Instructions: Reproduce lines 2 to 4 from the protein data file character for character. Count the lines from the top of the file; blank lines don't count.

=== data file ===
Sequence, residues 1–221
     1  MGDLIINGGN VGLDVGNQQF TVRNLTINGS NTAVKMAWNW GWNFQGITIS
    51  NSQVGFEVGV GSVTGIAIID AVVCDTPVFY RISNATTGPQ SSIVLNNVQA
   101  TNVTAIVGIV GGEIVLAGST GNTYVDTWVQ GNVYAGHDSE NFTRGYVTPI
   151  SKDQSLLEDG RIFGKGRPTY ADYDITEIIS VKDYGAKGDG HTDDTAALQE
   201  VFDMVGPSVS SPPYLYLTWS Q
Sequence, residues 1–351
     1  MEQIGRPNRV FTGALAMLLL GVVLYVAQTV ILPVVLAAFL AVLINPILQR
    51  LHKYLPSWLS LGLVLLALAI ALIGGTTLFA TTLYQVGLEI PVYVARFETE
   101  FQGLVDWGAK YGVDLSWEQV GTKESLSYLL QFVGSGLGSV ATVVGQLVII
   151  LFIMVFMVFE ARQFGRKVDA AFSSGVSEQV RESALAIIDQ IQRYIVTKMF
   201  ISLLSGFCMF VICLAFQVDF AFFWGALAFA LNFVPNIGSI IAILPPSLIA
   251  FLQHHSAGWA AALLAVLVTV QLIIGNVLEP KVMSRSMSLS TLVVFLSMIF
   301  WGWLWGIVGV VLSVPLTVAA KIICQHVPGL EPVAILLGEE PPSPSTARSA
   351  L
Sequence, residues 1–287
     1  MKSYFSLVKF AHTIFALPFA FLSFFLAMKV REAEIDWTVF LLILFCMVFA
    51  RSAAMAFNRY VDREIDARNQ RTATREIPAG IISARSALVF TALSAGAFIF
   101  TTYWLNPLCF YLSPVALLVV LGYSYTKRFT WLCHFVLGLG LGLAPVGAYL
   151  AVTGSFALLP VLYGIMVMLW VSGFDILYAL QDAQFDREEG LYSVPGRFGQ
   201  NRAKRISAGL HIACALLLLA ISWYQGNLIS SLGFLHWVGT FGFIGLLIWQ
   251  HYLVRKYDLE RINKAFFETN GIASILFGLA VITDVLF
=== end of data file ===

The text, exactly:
     1  MGDLIINGGN VGLDVGNQQF TVRNLTINGS NTAVKMAWNW GWNFQGITIS
    51  NSQVGFEVGV GSVTGIAIID AVVCDTPVFY RISNATTGPQ SSIVLNNVQA
   101  TNVTAIVGIV GGEIVLAGST GNTYVDTWVQ GNVYAGHDSE NFTRGYVTPI